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Do You Feel Guilty About Taking Time Off From Work? If So, You're in Good Company.

Of the many workplace benefits employees tend to crave, a generous paid-time-off policy frequently tops the list. Time off is important for a number of reasons -- it allows you to get a break from the grind, spend time with loved ones, and achieve personal goals you set for yourself.

But new data from HR software company Zenefits reveals that workers may not be maximizing their paid time off the way they should be. In a recent survey, 39% of U.S. workers said they feel guilty about taking time off from work because of pressure put upon them by their bosses, or because of the burden it creates for the colleagues who have to pick up the pieces in their absence. And 43% of employees don't feel right taking time off given their existing workloads.

Man sitting at a computer, holding his head and looking sad

IMAGE SOURCE: GETTY IMAGES.

If you feel guilty about taking time off at work, to the point where you just plain avoid doing it, you should know that you're quite potentially harming your mental health in the process. And that's reason enough to get over that guilt -- and get out of the office for a number of days.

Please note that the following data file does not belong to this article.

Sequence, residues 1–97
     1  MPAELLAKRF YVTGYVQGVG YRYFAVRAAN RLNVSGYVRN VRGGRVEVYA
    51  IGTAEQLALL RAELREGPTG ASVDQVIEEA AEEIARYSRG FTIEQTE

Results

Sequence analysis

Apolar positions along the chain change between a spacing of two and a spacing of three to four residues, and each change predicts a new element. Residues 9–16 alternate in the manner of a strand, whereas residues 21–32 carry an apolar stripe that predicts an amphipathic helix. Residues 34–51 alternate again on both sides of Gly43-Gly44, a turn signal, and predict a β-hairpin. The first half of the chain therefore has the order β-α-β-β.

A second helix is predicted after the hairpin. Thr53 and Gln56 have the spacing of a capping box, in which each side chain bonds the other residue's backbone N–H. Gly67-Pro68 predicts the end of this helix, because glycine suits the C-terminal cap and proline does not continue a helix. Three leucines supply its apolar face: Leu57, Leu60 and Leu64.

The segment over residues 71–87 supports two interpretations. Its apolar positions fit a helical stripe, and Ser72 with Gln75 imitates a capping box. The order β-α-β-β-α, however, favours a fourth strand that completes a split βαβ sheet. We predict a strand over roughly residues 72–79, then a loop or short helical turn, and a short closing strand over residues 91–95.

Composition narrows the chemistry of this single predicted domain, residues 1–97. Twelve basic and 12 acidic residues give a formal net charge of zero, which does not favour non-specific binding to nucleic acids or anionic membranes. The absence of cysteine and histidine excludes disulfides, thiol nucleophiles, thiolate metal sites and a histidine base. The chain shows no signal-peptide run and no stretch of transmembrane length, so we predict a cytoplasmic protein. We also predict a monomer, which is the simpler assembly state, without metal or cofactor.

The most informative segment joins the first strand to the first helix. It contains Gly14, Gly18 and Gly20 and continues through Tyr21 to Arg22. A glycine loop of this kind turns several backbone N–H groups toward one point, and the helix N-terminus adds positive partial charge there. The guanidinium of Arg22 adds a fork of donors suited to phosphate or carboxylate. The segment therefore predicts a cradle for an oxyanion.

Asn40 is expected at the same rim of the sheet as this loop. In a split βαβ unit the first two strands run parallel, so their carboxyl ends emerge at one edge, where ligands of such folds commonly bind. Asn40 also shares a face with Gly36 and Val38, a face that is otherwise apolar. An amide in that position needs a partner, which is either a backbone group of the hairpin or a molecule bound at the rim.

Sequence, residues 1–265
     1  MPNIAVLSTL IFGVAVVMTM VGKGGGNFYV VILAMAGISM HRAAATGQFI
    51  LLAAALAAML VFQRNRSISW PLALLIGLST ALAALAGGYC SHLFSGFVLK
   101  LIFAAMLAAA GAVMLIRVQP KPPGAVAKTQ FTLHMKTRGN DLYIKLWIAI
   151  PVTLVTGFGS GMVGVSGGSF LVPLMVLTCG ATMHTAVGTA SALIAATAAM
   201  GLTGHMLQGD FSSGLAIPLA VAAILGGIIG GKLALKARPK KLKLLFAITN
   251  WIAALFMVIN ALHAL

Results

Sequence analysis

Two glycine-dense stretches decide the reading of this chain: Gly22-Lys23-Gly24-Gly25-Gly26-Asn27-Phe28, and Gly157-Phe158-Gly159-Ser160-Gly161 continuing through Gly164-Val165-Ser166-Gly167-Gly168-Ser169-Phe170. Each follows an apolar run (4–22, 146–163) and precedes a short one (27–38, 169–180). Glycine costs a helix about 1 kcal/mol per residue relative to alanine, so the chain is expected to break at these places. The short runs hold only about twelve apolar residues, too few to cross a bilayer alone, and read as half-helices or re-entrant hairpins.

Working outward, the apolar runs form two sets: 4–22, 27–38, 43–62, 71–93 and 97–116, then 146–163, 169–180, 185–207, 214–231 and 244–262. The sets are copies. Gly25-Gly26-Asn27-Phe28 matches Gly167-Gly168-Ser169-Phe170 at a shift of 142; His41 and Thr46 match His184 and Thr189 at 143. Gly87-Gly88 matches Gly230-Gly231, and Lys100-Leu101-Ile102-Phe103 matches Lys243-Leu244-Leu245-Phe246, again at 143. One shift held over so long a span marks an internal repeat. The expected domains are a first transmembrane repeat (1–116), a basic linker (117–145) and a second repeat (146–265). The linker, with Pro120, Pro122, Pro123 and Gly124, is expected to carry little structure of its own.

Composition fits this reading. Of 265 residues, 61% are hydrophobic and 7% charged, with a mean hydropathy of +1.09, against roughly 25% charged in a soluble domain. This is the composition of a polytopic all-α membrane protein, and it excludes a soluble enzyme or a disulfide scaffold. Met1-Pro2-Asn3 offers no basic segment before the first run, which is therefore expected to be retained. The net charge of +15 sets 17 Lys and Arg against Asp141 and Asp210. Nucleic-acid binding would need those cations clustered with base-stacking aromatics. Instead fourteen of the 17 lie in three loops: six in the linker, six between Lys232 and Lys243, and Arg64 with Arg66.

You need a vacation

The longer you go without a vacation at work, the more you risk falling victim to burnout. Once that happens, your performance can suffer, as can your mental health on a whole.

That's why it's important to use your vacation days, and if you're feeling guilty about it, here's how to combat it. First, talk to your manager if you feel your boss is putting too much pressure on you to stay glued to your desk. Review your various assignments and deadlines, and set priorities so that you know which key items to focus on before and after you escape the office for a few days. At the same time, explain to your boss that taking a brief break from work might actually help your productivity improve upon your return.

Next, come up with a coverage plan so your colleagues aren't unduly burdened by your much-deserved absence. Bring your co-workers up to speed on what you're doing so there are no surprises. Then, divvy up coverage points among several colleagues so that the onus doesn't fall on a single person, or one or two people. Finally, remind your co-workers that when it's their turn to take time off, you'll be there to return the favor. You can even go the extra mile and take the people who will really be stepping up in your absence out to lunch as a thank you. If anything, it's a good way to sweeten the deal for them.

One final thing: The more notice you give your manager and colleagues about anticipated time off, the easier it'll be on everyone, yourself included. Therefore, plan your absences well in advance, and avoid the busiest periods of the year at work if at all possible. If you follow these rules, you really shouldn't have anything to feel guilty about when you put in your next vacation request.

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The views and opinions expressed herein are the views and opinions of the author and do not necessarily reflect those of Nasdaq, Inc.

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